SETBI’s College Education Behind Bars‘s Senior High PDL Students’ Team Defeats Thompson Christian Senior High Students

A debate team of six inmates from the senior high school at the College Education Behind Bars program in the Davao City Jail defeated a team of six Thompson Christian School senior high students. The debate took place on April 12, 2019, at the SETBI‘s College Education Behind Bars facility. The host debaters beat a Thompson Christian School team that had won first place for their debate skills. The Persons Deprived of Liberty (PDL)’s debating skills can help boost their confidence and change perceptions on both sides, people inside and people outside of the jail. The Social Entrepreneurship, Technology, & Business Institute (SETBI) organized the debate.

A panel of three professionals judged the event while local media, guards, staff, fellow PDL students, and student mentors who had trained them. watched. As a formal process of exchanging ideas about a topic, debating can provide an excellent way to build self-confidence and express disagreement or anger in a socially acceptable way and even teach more civic values than one could have anticipated. Many of the PDLs know the consequences of poor thinking and bad choices. The debate guided PDL students to think clearly and rationally before responding. Most of us do not value the freedom we have, but Thompson Christian School students glimpsed into the life of the incarcerated, perhaps a deterrent for possible unwise future decisions.

Actually for those who have never been inside the jail or prison, they should understand that all obstacles conjoin against the inmate students’ education. Education, however, is a great tool especially when paired with rehabilitation. This kind of debate program helps PDL students to discover their potential and to believe in themselves. One inmates said, "I don’t think I ever saw potential in myself, and this has given me the confidence that there is a potential in us and in me. There are other ways to make a living [besides selling drugs or using the drug]."

One of the Thompson students explained that the best part of the event was being able to speak with the inmates. The experience catapulted her into valuing her freedom, making good choices, determining which friends she would associate with, and deterring her from illegal activities. She admitted, “There is no other way I could have gotten the experience.” She was nervous only because she did not know what to expect. Entering a jail ushers a person into a whole different world with different rules, so that students remain cautious because they do not want to do something wrong unintentionally and come off as offensive. One acknowledged, “I was more afraid of how I would be conducting myself.” Both groups of students were nervous beforehand. Some of the PDL students were worried that they would not be as articulate or as prepared as the Thomson Christian School students. Working together during the visits to the College Education Behind Bars, the PDL students were able to bring a whole new perspective to the argument that TCS students could not have foreseen.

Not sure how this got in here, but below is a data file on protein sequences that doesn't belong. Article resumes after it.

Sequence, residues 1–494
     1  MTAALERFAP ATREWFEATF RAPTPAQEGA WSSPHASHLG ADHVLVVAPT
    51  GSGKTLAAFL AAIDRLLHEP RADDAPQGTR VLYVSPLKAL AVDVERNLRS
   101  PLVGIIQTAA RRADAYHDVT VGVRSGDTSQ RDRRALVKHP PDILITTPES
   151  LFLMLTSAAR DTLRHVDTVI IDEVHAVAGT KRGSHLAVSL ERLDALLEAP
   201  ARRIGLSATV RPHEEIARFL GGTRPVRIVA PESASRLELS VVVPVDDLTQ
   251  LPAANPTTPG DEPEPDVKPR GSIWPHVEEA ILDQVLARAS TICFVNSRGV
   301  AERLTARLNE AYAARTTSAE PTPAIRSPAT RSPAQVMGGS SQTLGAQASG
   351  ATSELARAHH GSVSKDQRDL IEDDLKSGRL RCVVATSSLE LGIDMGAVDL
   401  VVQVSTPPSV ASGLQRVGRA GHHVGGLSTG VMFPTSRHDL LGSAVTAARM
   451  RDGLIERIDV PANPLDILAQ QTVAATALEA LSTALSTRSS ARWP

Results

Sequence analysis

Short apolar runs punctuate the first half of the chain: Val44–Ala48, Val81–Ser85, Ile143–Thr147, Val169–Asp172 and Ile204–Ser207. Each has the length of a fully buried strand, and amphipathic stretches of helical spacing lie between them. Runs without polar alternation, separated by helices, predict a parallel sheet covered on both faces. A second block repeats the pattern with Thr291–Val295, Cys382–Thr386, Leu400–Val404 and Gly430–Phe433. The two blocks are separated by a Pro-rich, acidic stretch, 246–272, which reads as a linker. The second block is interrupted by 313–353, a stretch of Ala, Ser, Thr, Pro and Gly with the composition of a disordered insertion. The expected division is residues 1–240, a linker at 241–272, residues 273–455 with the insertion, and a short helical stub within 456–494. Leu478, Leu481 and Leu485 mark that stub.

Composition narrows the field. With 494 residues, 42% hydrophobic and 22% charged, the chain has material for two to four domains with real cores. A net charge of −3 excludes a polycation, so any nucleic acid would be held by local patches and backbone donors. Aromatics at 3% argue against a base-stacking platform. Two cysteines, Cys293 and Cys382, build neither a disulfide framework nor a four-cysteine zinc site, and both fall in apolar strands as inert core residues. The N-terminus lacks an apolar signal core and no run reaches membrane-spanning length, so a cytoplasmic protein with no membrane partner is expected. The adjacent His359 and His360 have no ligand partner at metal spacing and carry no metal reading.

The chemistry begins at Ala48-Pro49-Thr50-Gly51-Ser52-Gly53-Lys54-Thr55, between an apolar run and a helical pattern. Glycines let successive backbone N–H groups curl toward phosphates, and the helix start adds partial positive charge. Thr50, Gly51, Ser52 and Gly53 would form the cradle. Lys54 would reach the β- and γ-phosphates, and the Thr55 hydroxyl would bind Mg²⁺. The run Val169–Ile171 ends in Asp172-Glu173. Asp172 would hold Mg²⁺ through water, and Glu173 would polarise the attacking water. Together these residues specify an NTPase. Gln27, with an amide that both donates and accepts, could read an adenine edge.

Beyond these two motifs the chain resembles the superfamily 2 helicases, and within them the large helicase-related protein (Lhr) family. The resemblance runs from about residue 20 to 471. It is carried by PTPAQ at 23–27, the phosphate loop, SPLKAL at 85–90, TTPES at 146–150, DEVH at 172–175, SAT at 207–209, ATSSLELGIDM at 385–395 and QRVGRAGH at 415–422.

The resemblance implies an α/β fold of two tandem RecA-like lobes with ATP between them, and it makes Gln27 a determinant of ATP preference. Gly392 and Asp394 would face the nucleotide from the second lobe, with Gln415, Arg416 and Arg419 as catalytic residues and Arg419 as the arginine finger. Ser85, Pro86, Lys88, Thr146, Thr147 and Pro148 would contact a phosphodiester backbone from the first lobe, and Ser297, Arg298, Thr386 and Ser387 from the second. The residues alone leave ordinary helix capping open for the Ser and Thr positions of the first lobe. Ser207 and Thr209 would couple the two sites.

All the obstacles were against the PDL students’ success, because TCS students had a great deal at their disposal with access to information, such as the internet and libraries, and they had time to prepare more intensely. For the PDL students, however, the opportunity was a more personal experience. PDL students tried to demonstrate the aspects of the criminal justice system that their opponents had never considered. They had life perspectives. With these barriers, the debate gave the PDL students a sense of pride after completion.

It is important for the inmate students to have a sense of self-worth when they leave the jail and are trying to turn their life around. It gives PDL students a sense of confidence when they see they have prepared through their education while detained and that they will be able to do well on the outside. Further, the debate helped TCS students see PDLs as humans, as opposed to just a face in the crowd or a group of the invisible. Fortunately, TCS students realized that the PDL students are real people, and while the students’ paths may be different, their overall goals remain the same, because both have hope and dreams.

Academic study is not the only part of instruction at the College Education Behind Bars. There are also recovery programs where students can learn how to deal with their hurts, habits, and hang ups including but not exclusive to co-dependency, compulsive behavior, drug and alcohol addictions, and other issues. College Education Behind Bars has more than 100 inmates enrolled in classes now. The Social Entrepreneur Institute, the Bureau of Jail Management and Penology, Thompson Christian School, and the Department of Education in the Philippines (DepEd) initiated the Senior High Program at the College Education Behind Bars. Senior high students register at TCS, graduate from that K-12 institution, and get their diploma from TCS. Thompson sends its teachers to the SEI’s College Education Behind Bars facility to teach the inmate students. TCS also provides modules for SH students to follow. The inmate students enroll in Thompson, read the same school-assigned textbooks, and complete the equivalent SH level assignments as the “outside” SHS students. The only difference is that TCS teachers travel to the Davao City Jail, like USEP faculty in the college program, to teach courses there, instead of at the main high school campus.

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